Labeled and dismissed.

July 1, 2015

Last week, my social media blew up as friends and family expressed opinions about the confederate
Image by Thomas Leuthard via FlickrL
flag, race, and gay marriage.

I count myself fortunate to have friends who think differently than I on a range of important topics, and so I was privy to a wide range of thoughts and images being circulated around Facebook.

What I couldn't help but notice, from both sides of the opinion spectrum, was this universal tendency to label those with an opposing view and, then, simply dismiss them.

We use labels all the time. It is a necessary and natural part of our brain's ability to categorize and make sense of the world. Mother, wife, sister, attorney; I am each of those things, yet these individual labels defines only one characteristic, one tiny part of who I know I am. 

It's when we forget that labels provide only a tiny sliver of a much bigger, more complex picture of the people around us that we can get into very dangerous territory.
Dangerous, why? Because by labeling someone, we easily dismiss their entire life based upon a single attribute (regardless of whether that label is even accurate in the first place). We distill their entire being down into a single word and then judge whether they have worth based upon that word.

How many times have we generalized and dismissed a person's view (or entire life) because they are  a LIBERAL. Or because they are a CONSERVATIVE. What else? Atheist, Hindu, Baptist, (insert any religious background here), stay at home mom, working mom, single mom, homosexual, divorced person, gun rights advocate, gun control advocate, African American, Asian, Irish, the list goes on and on and on.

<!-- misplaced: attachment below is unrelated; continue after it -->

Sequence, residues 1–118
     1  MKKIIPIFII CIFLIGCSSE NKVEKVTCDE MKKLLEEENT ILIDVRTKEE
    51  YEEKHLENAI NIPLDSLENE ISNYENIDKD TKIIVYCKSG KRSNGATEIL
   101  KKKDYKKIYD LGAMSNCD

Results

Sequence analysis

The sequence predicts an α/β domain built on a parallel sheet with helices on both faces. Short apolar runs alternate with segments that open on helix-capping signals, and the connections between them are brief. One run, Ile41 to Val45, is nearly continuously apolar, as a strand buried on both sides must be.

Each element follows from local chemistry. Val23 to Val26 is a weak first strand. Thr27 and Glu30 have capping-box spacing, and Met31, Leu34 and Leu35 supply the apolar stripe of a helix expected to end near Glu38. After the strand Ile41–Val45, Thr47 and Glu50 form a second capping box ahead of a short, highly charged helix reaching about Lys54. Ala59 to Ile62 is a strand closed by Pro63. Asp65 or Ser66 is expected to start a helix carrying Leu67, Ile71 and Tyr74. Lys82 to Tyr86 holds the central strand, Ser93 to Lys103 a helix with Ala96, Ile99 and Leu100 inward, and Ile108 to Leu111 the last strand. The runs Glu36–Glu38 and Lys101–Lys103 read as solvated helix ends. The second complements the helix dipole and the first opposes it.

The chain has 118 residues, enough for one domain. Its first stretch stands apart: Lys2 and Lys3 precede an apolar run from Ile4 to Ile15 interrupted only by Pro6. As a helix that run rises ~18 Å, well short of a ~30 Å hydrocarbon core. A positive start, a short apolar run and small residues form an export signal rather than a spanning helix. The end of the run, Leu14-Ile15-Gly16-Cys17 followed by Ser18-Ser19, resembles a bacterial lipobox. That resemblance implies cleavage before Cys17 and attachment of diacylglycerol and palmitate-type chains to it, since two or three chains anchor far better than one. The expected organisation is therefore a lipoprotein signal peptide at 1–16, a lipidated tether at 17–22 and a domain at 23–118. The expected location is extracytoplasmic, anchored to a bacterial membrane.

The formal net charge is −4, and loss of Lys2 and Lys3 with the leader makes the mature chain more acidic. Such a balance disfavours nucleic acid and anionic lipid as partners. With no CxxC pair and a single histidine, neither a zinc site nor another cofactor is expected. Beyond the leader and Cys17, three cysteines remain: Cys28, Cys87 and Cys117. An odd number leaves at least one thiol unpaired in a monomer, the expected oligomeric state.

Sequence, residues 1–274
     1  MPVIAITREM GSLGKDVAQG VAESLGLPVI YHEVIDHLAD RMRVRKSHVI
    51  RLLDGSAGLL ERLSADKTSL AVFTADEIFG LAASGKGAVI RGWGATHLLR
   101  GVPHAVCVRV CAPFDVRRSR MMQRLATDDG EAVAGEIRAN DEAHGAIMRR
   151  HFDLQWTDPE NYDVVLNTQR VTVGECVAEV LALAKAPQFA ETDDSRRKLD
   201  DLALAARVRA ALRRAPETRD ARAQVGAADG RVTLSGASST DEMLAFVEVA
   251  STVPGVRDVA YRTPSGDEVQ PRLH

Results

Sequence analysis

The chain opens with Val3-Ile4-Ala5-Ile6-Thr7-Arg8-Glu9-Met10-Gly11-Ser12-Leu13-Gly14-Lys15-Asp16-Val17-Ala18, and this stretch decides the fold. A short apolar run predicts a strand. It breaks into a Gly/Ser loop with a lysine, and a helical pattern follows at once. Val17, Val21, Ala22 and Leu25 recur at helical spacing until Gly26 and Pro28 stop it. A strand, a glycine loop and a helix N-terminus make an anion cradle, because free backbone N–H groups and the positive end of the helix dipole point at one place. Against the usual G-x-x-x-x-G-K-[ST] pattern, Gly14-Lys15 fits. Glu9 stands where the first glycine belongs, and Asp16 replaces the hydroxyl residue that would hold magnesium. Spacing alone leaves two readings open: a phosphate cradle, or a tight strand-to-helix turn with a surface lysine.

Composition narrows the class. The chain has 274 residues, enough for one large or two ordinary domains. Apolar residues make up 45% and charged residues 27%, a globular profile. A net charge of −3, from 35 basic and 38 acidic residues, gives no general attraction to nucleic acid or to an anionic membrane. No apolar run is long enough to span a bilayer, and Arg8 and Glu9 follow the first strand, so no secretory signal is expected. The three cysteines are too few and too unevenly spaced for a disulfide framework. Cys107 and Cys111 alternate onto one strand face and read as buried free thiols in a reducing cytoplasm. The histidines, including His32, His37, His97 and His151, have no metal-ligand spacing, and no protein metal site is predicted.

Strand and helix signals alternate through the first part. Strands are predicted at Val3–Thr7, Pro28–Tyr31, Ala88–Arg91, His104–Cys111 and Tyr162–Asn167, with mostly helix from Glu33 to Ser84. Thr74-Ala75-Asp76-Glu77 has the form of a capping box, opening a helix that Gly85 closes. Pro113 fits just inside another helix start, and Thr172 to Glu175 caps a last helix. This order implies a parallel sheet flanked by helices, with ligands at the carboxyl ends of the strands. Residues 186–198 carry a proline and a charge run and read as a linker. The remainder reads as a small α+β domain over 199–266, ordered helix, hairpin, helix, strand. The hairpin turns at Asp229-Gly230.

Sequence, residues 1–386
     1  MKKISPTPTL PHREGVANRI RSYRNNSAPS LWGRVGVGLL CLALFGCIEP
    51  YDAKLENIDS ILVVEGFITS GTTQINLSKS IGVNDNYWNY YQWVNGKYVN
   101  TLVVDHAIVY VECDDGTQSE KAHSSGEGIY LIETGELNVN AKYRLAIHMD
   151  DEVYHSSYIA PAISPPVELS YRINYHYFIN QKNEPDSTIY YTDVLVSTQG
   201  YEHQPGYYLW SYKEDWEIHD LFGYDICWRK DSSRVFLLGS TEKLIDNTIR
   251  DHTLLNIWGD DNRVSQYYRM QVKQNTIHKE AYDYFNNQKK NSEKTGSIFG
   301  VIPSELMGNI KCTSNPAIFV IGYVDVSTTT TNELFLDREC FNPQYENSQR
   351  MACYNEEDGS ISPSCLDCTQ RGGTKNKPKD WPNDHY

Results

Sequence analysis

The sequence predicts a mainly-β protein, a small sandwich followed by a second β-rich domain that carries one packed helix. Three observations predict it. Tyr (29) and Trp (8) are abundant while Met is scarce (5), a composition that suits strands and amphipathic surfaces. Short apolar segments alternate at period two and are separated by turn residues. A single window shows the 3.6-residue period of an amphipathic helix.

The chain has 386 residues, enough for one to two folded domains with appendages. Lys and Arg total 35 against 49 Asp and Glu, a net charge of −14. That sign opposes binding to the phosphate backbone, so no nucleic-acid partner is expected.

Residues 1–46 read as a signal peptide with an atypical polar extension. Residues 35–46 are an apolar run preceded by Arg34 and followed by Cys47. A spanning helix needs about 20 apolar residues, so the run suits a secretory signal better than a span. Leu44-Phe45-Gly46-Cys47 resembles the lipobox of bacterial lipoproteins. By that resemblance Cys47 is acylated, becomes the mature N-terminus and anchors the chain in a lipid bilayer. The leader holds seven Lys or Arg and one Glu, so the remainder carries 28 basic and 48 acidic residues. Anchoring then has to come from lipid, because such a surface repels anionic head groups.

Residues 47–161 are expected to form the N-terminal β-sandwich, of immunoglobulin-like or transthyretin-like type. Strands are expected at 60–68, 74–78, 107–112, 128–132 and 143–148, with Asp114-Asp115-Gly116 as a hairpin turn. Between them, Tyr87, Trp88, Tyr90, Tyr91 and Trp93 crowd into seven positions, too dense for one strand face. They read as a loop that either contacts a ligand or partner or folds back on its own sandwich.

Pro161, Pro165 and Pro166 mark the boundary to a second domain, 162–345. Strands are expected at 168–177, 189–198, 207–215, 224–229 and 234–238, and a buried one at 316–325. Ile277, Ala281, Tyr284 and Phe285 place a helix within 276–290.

We slap someone with a label, stick them in a group and then, if it is a group we disagree with or disapprove of, we dismiss anything they might have to say. We dismiss their very humanity.

Labeling and dismissing summarily means there is no room for dialogue, no room to find solutions to the ills that plague our country, no attempt to find common ground with a fellow human being.

I'm not suggesting that we all have to reach agreement on a whole host of deeply held beliefs and convictions -- because we don't and won't. But everyone is worthy of respect - simply by virtue of being a human being - no matter the labels on their life.
Lord, nudge us when we use labels to dismiss our neighbors, our coworkers, our fellow countrymen. Help us to search out similarities and common ground rather than dismissing those around us based on labels, on rhetoric, on cable news soundbites. Make us people who unite instead of divide. Amen.

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